When it comes to security, many vendors consider certification of its products by an independent organization an option, not a requirement. However, third party testing is an important element when a company is deciding on technology solutions that are part of its security management program.
Security and privacy challenges are top of mind for everyone, as the Internet of Things and mobile device (and associated application) adoption continues to permeate every major industry. I sat down with our security experts at ICSA Labs to learn more about what major security technology trends they see impacting businesses and their customers in 2015. Here’s what they had to say:
This month marks the 11th anniversary of National Cyber Security Awareness Month (NCSAM) where raising awareness about cybersecurity is a top priority for both the public and private sector.
Mobile device manufacturers build an array of security features into smartphones and tablets. I suspect that the majority of us take for granted that these protections function and we assume that they will work properly when needed (e.g., remote wipe). But will they?
For several years, ICSA Labs has performed mobile device security testing on behalf of several mobile device manufacturers and mobile network carriers. Mobile devices are tested before they are available to users.
But are they safe?
When ICSA Labs first started testing and certifying Anti-Virus products more than 20 years ago, there were only “hundreds” of malware samples circulating monthly in the world. Since then, the malware landscape has changed dramatically and today there are over 100,000 new samples appearing every day.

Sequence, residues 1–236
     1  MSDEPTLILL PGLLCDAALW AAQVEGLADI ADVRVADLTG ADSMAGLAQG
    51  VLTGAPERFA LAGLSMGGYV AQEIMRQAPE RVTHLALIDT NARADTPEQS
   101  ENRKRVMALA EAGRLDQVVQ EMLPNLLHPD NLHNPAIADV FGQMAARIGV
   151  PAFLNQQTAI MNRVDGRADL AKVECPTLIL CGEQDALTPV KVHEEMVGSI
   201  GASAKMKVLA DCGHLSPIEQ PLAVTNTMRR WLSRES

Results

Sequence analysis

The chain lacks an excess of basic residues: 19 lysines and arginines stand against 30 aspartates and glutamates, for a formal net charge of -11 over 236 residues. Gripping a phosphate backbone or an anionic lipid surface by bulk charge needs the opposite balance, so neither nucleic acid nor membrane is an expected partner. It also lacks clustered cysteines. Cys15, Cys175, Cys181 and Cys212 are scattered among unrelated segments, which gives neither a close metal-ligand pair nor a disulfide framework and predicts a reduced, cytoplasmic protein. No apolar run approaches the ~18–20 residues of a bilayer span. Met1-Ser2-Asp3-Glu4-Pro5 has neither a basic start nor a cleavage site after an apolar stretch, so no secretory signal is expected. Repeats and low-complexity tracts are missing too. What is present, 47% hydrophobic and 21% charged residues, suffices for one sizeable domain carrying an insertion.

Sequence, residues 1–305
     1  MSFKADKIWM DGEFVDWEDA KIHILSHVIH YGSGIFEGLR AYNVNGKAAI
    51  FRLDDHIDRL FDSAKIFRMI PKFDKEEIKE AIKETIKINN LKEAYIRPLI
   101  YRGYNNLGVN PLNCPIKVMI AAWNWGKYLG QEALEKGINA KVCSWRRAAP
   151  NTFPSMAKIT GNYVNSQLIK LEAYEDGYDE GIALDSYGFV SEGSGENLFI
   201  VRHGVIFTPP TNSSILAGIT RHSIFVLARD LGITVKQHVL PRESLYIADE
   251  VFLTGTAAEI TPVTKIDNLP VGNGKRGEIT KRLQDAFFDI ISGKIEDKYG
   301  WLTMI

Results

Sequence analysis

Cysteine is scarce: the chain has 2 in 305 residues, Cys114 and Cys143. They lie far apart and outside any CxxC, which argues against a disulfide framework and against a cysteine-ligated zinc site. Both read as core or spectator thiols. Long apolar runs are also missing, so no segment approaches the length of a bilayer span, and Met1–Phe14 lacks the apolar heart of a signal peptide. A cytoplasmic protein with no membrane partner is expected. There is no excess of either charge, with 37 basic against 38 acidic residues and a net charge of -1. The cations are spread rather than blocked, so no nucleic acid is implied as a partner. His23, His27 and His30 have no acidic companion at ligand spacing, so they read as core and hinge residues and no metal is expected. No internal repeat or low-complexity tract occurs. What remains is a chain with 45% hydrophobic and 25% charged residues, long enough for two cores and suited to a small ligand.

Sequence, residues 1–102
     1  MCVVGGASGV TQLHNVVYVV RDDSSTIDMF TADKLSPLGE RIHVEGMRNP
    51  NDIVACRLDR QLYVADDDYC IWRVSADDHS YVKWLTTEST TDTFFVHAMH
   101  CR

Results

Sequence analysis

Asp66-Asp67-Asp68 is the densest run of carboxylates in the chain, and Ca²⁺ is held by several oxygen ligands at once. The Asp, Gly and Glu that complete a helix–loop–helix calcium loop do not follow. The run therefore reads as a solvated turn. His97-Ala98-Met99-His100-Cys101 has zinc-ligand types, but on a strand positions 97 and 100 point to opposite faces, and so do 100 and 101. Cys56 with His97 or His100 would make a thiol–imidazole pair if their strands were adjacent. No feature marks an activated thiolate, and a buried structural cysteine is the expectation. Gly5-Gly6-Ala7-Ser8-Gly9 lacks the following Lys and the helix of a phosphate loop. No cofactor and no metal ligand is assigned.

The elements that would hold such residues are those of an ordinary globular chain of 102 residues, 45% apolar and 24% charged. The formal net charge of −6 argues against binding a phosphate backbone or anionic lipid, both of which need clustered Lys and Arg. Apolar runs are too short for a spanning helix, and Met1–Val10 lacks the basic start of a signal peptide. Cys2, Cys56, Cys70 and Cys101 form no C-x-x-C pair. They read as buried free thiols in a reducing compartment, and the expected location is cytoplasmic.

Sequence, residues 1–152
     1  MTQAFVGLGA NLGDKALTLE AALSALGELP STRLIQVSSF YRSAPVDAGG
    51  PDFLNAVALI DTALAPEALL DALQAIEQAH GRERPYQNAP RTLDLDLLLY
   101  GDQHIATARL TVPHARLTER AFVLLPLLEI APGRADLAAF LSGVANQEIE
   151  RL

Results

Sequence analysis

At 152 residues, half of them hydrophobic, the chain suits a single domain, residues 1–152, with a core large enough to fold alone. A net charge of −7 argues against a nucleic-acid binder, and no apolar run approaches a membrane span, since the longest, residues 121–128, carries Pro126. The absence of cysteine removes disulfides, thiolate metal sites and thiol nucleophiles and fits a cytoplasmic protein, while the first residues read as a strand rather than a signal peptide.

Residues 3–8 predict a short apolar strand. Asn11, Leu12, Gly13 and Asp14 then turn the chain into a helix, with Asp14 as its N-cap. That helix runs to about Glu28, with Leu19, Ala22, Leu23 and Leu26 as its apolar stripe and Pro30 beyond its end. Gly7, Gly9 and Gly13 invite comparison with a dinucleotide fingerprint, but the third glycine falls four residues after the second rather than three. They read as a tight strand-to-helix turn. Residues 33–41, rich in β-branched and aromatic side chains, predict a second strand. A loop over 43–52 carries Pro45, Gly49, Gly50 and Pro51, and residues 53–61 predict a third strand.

Over the weekend, Microsoft announced that there was a new zero-day vulnerability, affecting all versions of the Internet Explorer Web browser. It’s not widespread yet, and is just now being used in targeted attacks, but we may be confident that the developers of exploit kits are sharpening their pencils as we speak, and therefore, it won’t be too long before the exploit is in widespread use.
Unless you have been off the grid for the last few days you have undoubtedly heard about the OpenSSL vulnerability known as the Heartbleed (http://heartbleed.com) bug. Heartbleed is a vulnerability that allows "anyone on the Internet to read the memory of the systems protected by the vulnerable versions of the OpenSSL software."
It’s been reported in the news that the Starbuck’s payment app saves usernames, passwords and location data in plain text right on consumer’s smartphones. Any devious person with a little know-how can get access to this information and use it to get one caffeine fix after another ad infinitum.
Of course this is not good news. But it is more than that. This should be a wake-up call – not just for those of us who like to pay for coffee with our smartphones.